SEO/BirdLife considers that the Common Agricultural Policy (CAP) should better address biodiversity and farmers.

  • After the assessment carried out by the Government and autonomous communities on the first year of implementation of the CAP, the NGO acknowledges that progress has been made in measures. Eco-schemes benefit the environment, but they are insufficient, and some of their conditions hinder implementation by farmers.
  • SEO/BirdLife considers it necessary to redesign the eco-scheme “biodiversity spaces” taking into account the potential impact of the designed measures and with monitoring and evaluation systems for the real effect on biodiversity.
  • From its experience as farmers with Riet Vell and through demonstrative projects like LIFE Olivares Vivos+, the NGO has submitted and will continue to submit proposals to improve agricultural policies benefiting biodiversity and farmers’ profitability.

Following the meeting of the coordination body of the Strategic Plan for the CAP (PEPAC), the Government and the autonomous communities published their assessment of the first year of application of the new CAP, concluding “that the combination of reinforced conditionality, eco-schemes, and agri-environmental commitments of rural development has represented a significant advance in the environmental ambition of the new CAP.” This conclusion is based on the number of applications for eco-schemes by farmers and the number of applications for organic production, which have far exceeded expectations.

SEO/BirdLife considers that, to evaluate the impact on the environmental objectives of the CAP, apart from the area covered by the different measures, it is also necessary to take into account the potential impact of the designed measures and establish monitoring and evaluation systems for the real effect on biodiversity conservation. And, both in the design of the measures and in the assessment of their impact, there is room for improvement and much progress to be made.

Biodiversity, the great forgotten in the PEPAC
One of the main strategic objectives of the Common Agricultural Policy is “to stop and reverse the process of biodiversity loss, improve its ecosystem services, and conserve habitats and landscapes.” Beyond its alignment with the purposes of Agenda 2030 and the “Farm to Fork” and “Biodiversity 2030” strategies, increasing biodiversity in cultivated fields and recovering their ecosystem services is an essential objective to improve the standard of living of farmers and keep the rural economy of the EU alive. However, considering the final design of eco-schemes and rural development interventions, as well as the data on uptake from this first year, SEO/BirdLife considers that we are still far from making progress in meeting the biodiversity objectives of the CAP.


A single ill-adapted and underpaid eco-scheme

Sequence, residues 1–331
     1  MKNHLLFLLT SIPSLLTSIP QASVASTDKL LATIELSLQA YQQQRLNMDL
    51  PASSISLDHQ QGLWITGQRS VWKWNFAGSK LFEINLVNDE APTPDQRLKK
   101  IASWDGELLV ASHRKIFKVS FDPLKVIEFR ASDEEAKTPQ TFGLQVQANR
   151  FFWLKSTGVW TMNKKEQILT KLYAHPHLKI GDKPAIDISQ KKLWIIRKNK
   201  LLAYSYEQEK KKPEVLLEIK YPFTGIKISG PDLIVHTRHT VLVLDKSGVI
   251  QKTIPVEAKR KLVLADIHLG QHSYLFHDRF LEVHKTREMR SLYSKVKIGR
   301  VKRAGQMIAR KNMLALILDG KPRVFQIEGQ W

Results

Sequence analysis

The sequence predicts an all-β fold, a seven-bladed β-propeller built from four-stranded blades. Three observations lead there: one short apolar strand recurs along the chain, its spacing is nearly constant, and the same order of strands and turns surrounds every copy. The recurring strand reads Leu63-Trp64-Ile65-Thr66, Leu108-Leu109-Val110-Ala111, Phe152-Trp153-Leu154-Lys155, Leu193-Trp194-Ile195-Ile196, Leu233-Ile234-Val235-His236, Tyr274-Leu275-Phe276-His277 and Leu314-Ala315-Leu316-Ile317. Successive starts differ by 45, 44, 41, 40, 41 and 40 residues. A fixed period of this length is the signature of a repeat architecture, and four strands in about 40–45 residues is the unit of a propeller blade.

Although some other objectives may have indirect benefits, there is only one eco-scheme specifically aimed at improving biodiversity: Agroecology: Biodiversity Spaces. An eco-scheme initially designed for arable land and later extended to woody crops without adapting it to the evident agronomic and landscape differences between the two types. This, among other reasons, may have contributed to its limited uptake in woody crops, also important for biodiversity conservation, due to their extent (woody crops cover more than 5 million hectares in Spain) and their distribution in the most important biodiversity hotspot in Europe, the Mediterranean basin.

If we add to these limitations for implementation and effectiveness the much lower economic allocation, the low success of this measure is a logical result. In fact, according to data from the Ministry of Agriculture, for the two only eco-schemes that farmers can join in woody crops (only one of them can be requested), in Andalusia—the region with the largest area of this type of crops—of the total area covered by both eco-schemes, more than 97% of the area has been covered by the herbaceous or inert cover scheme, compared to less than 3% that did the same in biodiversity spaces. And, although at the national level, it improves slightly, it still remains at 80% and 20% respectively.

On the other hand, in the case of grasslands, uptake has been even more minimal. Of more than 6.5 million hectares that have applied for one of the available eco-schemes for pastures and grasslands, only 85,000 hectares have adhered to practices associated with biodiversity (almost all in wet pastures). It is noteworthy that these figures represent an uptake of 80% of the total area of existing pastures and grasslands in Spain, being the productive orientation with the highest participation in these aids, which may reflect the need for support from the extensive livestock sector, and the possible positive effect of these new schemes for the viability of the sector. However, the conditions associated with payments for extensive grazing also do not guarantee the benefit for biodiversity.